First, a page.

The Reminder by Feist

 

Critical reaction to Feist and her The Reminder effort from 2007 has always been mixed, and I have always regarded the scattered overly exuberant reviews of the release in the years since with reasonable suspicion. And indeed, when I did eventually get the time to lend the tracks a patient listen from start to finish, I too, have decided to fly a similar flag to the former category of reviewers’ and persist with a similarly shallow take on the album: that it does possess more than a couple of decent sounding pop-laced hits, but that is amidst a repertoire of largely forgettable tracks alongside.

 

TRACKLIST:
#1. So Sorry 3:12
#2. I Feel It All 3:39
#3. My Moon My Man 3:48
#4. The Park 4:34
#5. The Water 4:46
#6. Sealion 3:39
#7. Past in Present 2:54
#8. The Limit to Your Love 4:21
#9. 1234 3:03
#10. Brandy Alexander 3:36
#11. Intuition 4:36
#12. Honey Honey 3:27
#13. How My Heart Behaves 4:26

 

PERSONNEL:
Leslie Feist: Vocals, Guitar, Piano, Banjo, Drums

 

PRODUCER:
Gonzales
Feist
Renaud Letang
Mocky
Ben Mink

 

DATE OF RELEASE:
23rd April, 2007

 

SINGLES:
My Moon My Man
1234
I Feel It All
Honey Honey
Sea Lion

 

So credit where credit is due, and Feist does deserve them for the tracks that work. My Moon My Man is one of them; simple yet sizzling, it is a clear takeaway from the tracklist’s set of ‘louder’ tracks. The jazz influence abounds, and it has a crunchy bass line that you’d love to bounce to. 1234 is another, and most would place it as an accompaniment to the early generation iPod Nano commercials – which conveniently provided Feist an outlet to her talent and creativity.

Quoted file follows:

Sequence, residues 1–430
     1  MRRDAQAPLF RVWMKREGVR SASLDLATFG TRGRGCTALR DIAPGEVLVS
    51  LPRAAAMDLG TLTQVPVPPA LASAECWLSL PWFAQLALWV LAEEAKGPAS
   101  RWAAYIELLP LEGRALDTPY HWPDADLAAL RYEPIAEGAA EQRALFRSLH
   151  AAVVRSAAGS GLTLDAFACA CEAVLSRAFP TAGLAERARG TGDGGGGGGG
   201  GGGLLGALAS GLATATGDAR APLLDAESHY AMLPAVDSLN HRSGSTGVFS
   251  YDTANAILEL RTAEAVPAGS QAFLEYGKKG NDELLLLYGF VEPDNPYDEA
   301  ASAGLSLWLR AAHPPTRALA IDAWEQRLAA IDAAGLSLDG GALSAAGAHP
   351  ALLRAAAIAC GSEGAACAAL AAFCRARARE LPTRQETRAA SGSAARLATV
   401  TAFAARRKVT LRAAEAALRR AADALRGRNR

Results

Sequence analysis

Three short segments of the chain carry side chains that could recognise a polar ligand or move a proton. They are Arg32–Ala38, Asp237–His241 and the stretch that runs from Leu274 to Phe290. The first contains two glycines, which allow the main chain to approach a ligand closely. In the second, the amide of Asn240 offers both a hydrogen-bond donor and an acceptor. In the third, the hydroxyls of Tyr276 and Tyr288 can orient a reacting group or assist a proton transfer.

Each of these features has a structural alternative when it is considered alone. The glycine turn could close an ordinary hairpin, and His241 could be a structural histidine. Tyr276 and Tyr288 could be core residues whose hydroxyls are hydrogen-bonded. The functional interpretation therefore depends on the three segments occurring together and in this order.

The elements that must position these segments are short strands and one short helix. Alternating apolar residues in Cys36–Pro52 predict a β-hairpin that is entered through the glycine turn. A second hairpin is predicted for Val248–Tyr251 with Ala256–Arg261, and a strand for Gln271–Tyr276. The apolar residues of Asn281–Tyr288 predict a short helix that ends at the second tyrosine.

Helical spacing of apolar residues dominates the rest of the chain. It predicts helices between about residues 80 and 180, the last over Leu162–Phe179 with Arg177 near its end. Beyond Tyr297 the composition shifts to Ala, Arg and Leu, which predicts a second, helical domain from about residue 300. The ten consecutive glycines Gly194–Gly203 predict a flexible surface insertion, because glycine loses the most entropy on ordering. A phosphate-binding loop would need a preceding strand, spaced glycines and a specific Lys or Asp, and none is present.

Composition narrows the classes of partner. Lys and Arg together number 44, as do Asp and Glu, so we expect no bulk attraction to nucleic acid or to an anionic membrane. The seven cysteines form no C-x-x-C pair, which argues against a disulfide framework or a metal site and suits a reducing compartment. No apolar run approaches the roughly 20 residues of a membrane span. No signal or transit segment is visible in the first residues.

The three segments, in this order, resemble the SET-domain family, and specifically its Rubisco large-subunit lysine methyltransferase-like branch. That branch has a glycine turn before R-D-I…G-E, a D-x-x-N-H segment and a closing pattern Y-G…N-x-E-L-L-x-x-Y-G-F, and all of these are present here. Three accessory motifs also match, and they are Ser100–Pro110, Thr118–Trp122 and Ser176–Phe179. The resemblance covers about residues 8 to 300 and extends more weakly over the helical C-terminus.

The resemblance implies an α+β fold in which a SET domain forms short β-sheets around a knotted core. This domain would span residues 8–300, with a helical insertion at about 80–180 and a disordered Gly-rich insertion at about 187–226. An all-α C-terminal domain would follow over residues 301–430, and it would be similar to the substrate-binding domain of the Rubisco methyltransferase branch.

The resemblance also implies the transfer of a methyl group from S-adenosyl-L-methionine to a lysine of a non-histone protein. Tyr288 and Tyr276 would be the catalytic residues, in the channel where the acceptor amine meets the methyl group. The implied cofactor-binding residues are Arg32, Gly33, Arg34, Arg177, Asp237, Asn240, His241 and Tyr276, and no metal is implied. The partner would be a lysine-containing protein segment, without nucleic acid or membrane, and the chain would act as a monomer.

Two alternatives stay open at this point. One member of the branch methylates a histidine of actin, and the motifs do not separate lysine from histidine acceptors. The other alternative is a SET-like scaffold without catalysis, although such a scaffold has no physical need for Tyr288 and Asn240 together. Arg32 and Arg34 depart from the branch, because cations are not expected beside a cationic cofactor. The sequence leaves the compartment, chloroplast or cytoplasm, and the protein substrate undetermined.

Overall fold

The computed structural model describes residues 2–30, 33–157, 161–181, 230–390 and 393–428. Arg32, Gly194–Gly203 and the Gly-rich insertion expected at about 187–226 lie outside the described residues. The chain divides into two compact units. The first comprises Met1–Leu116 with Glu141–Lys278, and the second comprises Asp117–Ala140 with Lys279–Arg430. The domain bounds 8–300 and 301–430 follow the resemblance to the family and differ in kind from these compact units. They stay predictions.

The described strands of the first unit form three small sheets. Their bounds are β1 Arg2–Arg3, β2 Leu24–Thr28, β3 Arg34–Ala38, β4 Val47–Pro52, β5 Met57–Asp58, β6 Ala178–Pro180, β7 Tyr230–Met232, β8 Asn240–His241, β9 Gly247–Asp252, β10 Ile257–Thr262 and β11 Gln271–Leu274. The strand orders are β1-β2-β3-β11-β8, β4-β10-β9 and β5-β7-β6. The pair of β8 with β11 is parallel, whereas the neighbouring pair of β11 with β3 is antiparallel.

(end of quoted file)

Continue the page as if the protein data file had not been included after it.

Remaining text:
Certain quieter numbers work out to the album’s diversity and advantage too. The Water comes across as a darker sonic experiment with threadbare vocals, and there should’ve been more of those sprinkled around the tracklisting in hindsight. Instead, we are presented with some not-so-great specimens such as a rather weak cover of Nina Simone’s Sea Lion Woman in Sea Lion at #6, which could have certainly done with more effort.

 

More critically, the production of the effort as a whole seems underpar, and while the quieter, more acoustic tracks can work on any pop album if done right, certain tracks come across as if they were merely recorded in Feist’s garden, featuring some vocals, strumming and a saxophone or bass joining in later on, but little else. A little more intricacy and attention to detail is always in order for the songs where the decibels are at the lower end; but that is Interscope’s problem and not Leslie Feist’s, who can yet comfortably rank herself as one of the better lyricists and songwriters of the contemporary indie era with this release.

 

 

 

 

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